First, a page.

Default Re: It's the End of the (Perfumed) World as We Know It

    In a former thread I tried to explain in layman's terms about EU and IFRA and why perfumes change:
    http://www.basenotes.net/threads/322...ame-some-facts

    Besides the clever marketing, perfumes ARE changing because not only perfume making changes (how perfumers are trained, how perfume is manufactured and marketed) but ALSO because the customer themselves force the perfume market to change due to different tastes and simply because they have no clue how the 'real' thing is supposed to smell:
    http://virsanghvi.com/Article-Details.aspx?Key=904
    @SomethingSmelly

  4. #34

    Default Re: It's the End of the (Perfumed) World as We Know It

    Quote Originally Posted by mr. reasonable View Post
    Well 'overstated' is subjective . . .
    Thanks for your thoughtful response, mr reasonable. I didn't make clear that "overstated" related to S2C's email. What they are saying has some truth to it, but I think in this instance they are--consciously or not--are stoking consumer fears that benefit their business.

  5. #35

    Default Re: It's the End of the (Perfumed) World as We Know It

    Quote Originally Posted by noirdrakkar View Post
    i hope thats the case because i really havent seen those greatests new frags yet
    ....????

    Clearly, you're not even looking at your own collection. More than HALF of the scents in your top ten list are less than 10 years old... but apparently nothing great is being made anymore? Holy cow. You crack me up.

    1. New Haarlem - 2003
    2. Aventus - 2010
    3. Green Irish Tweed
    4. M7
    5. Dior Homme - 2005 or do you prefer the 2011 version?
    6. Silver Mountain Water
    7. Millesime Imperial
    8. Virgin Island Water - 2007
    9. Tobacco Vanille - 2007
    10. YSL L'Homme - 2006


    The idea that, ohs noes, the world of perfumery is over... that's silly. Yes, reformulations happen. Some ingredients are banned. Others become scarce or too cost-prhibitive to use - both of which, by the way, were a problem decades ago too and the world of perfumery did not end. My bottle of L'Air du Desert Marocain is proof that absolutely astounding perfume is still being created. Sombre Negra by Yosh, from 2011, is more proof.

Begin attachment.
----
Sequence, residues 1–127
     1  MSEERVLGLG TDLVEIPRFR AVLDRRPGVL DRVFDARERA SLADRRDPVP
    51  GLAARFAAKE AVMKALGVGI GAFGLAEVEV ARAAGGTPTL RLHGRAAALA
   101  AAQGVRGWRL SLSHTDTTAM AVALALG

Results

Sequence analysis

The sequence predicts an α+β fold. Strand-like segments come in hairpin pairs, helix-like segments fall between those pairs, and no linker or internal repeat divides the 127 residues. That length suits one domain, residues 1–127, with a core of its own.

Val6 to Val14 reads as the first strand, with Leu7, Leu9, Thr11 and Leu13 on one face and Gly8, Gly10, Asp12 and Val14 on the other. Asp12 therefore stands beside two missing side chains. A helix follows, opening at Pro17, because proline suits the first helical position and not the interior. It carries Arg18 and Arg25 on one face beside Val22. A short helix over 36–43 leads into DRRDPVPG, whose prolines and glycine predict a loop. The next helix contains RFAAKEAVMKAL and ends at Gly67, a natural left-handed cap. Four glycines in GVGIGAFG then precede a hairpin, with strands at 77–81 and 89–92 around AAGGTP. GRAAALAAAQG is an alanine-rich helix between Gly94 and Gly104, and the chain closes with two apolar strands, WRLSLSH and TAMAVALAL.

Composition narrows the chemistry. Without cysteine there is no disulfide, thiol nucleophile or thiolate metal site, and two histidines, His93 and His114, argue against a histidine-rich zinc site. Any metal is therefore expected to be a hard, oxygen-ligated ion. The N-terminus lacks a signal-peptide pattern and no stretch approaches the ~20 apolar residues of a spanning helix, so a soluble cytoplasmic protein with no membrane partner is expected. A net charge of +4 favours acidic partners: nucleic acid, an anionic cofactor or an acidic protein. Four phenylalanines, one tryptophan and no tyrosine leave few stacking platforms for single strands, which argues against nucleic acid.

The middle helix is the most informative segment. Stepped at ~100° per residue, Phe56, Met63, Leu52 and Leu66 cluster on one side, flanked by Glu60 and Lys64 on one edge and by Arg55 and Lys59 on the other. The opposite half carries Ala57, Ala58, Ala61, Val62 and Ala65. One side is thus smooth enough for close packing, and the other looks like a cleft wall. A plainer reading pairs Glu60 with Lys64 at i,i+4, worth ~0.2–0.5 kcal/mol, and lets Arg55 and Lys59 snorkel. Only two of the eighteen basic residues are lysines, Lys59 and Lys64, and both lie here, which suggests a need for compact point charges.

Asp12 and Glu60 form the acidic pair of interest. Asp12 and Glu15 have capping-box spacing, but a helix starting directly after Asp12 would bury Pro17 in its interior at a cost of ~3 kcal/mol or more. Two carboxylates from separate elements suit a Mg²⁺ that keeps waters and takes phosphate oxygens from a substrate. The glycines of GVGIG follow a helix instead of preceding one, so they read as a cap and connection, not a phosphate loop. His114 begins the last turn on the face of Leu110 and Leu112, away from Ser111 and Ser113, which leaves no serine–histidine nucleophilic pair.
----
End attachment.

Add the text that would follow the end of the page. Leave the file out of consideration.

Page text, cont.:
If you think about it objectively, you'll see that there is good news as well as bad. Some ingredients are banned, yes, but others are created. Some marvelous perfumes utilize those new(ish) ingredients. As proof, I cite your own top ten list. So many marvelous scents have been created in the last ten years.

    ...how's that 1945 bottle of Aventus treating you? LOL!
    "Follow your nose. It always knows." -- Toucan Sam

  6. #36
    treeman5823
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    Default Re: It's the End of the (Perfumed) World as We Know It

    People, relax. My title was a half-joke--you can't make a pun with R.E.M. and not find it just a bit funny. It is certainly NOT the end of the perfumed world, although that world is certainly being invaded by little green philistines who think they can uproot native law and principle. To sum up: 1.) perfumery is not yet dead; 2.) yes, this article is marketing, but I think sampling services are invaluable, so who the hell cares; 3.) my taste in titles is inappropriate. Have a nice day, friends.

  7. #37
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    Default Re: It's the End of the (Perfumed) World as We Know It

    Quote Originally Posted by Irina View Post
    In a former thread I tried to explain in layman's terms about EU and IFRA and why perfumes change:
    http://www.basenotes.net/threads/322...ame-some-facts

    Besides the clever marketing, perfumes ARE changing because not only perfume making changes (how perfumers are trained, how perfume is manufactured and marketed) but ALSO because the customer themselves force the perfume market to change due to different tastes and simply because they have no clue how the 'real' thing is supposed to smell:
    http://virsanghvi.com/Article-Details.aspx?Key=904
    I love this article, yes its so obvious, everything valuable is getting more scarce, if i use real burnon vanilla in my cakes it increases the cost of the cake for 30 %.....perfumes are sharing destiny of the whole world:-)